Posted on: 8 October 2014Share
When it comes to choosing a toothpaste, what influences your purchasing decisions? Are you lured by fancy product packaging? Do you shoot for great taste, best whitening ability, or always just buy what's on sale? If so, you could be exposing yourself to the below 3 dangerous ingredients.
Recently, dentists across the country began to witness peculiar phenomena among their patients. People would schedule an appointment for routine care, and, upon examination, their dentists would find clusters of tiny blue specks hidden beneath their gum lines. As investigations unfolded, it was discovered that what they were seeing was polyethylene -- the same plastic used to make garbage bins, bulletproof vests, and grocery bags.
As it turns out, popular toothpaste manufacturers were advertising these bits of micro-plastic as micro-beads -- a revolutionary discovery in teeth whitening technology that's both safe and effective.
Sure, scrubbing your teeth with tiny shards of polyethylene plastic will whiten your teeth, for the time being. As far as being safe and effective, though, dentists agree that micro-beads fail. This plastic doesn't break down; it's non-biodegradable. If it works its way deep enough into your gums, it could be there forever. And, as these bits of plastic sit all nestled into your gum line, they provide the perfect foundation for bacteria to cling to and multiply on.
A few states have already introduced bills to ban polyethylene-containing toothpaste from store shelves, and one major toothpaste manufacturer has promised to completely phase out the use of micro-plastics in their products by March of 2016.
Who doesn't love a nice cool-blue toothpaste? The blue stuff is far superior to the plain old white paste, right? Wrong. The one and only benefit of adding blue coloration to your dental hygiene products is that it makes them look neater. The disadvantages associated with blue dyes, however, go on and on.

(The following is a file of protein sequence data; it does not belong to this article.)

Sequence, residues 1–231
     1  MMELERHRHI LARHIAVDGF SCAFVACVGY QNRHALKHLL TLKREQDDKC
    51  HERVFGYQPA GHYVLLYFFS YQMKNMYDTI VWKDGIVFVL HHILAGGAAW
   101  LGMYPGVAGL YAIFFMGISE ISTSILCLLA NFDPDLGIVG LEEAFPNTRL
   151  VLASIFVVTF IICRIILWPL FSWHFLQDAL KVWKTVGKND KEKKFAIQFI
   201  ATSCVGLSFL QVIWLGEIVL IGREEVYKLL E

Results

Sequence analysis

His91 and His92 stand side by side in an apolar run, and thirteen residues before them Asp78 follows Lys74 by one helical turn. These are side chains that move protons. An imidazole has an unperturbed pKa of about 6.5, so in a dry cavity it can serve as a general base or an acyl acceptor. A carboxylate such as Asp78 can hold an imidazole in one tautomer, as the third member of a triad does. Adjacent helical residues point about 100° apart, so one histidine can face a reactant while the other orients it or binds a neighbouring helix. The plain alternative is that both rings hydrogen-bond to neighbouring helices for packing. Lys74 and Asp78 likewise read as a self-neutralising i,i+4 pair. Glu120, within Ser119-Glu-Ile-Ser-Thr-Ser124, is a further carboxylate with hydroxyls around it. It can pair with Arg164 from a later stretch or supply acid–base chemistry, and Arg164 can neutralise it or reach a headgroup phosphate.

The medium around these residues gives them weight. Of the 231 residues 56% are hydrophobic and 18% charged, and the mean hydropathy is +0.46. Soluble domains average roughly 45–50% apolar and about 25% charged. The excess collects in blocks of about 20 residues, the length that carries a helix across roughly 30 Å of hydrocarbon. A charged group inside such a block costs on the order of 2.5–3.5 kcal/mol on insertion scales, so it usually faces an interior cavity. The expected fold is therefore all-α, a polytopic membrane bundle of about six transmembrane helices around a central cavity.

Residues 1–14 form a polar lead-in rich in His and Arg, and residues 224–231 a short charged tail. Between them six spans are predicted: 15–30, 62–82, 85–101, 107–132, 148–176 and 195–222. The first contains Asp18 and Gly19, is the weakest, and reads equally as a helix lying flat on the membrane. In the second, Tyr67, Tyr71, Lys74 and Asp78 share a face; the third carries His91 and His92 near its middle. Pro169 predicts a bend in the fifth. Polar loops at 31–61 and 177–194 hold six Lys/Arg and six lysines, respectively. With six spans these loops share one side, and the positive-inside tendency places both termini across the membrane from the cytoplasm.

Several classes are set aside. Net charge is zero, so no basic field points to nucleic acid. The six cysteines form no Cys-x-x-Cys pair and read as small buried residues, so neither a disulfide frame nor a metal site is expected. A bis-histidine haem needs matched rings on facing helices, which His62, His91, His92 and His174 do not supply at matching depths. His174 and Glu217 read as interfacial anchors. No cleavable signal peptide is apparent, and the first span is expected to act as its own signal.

In 2003, the Food and Drug Administration issued an alert pertaining to the dangers of a common dye found in many food, health, and beauty products, and used in a variety of medical procedures -- Blue 1. The alert explains that, when placed in the feeding tubes of patients in order to detect obstructions, Blue 1 caused a slew of adverse effects. Among them were eye and skin irritation, blue-tinted skin, urine and feces, cancer, and even death!
If you think you're in luck because your favorite brand of blue toothpaste is colored with Blue 2 instead of Blue 1, think again. The FDA warns that, while not enough studies have been performed to validate the claim, they're pretty sure that Blue 2 could cause equal, if not greater health risks for those who ingest it on a regular basis.
Toothpaste manufacturers love to promote the long-lasting, plaque-fighting powers of toothpastes that contain triclosan. What they don't love to promote, however, is the fact that this key-ingredient in many toothpastes and household cleaning supplies is responsible for the horrific outcomes of several animal studies.
When a team of researchers at the University of California administered triclosan to a bunch of mice, they found that, after just a single dose, the mice showed 25% weakened heart muscle strength, and 18% weaker grip strength. When the same researchers subjected fish to triclosan, the fish showed decreased swimming performance. One researcher involved in the study noted that the effects of triclosan on heart function were "very dramatic".
These ingredients are allowed to fly under the radar because the Federal Food and Drug Administration has not yet performed enough studies to validate the claims that dentists everywhere already know as truths. Protect your health by making your dental hygiene purchasing decisions based on thorough examination of the products' ingredient lists, or ask your dentist at a place like Bayview Dental Arts what all-around safe toothpaste he or she recommends.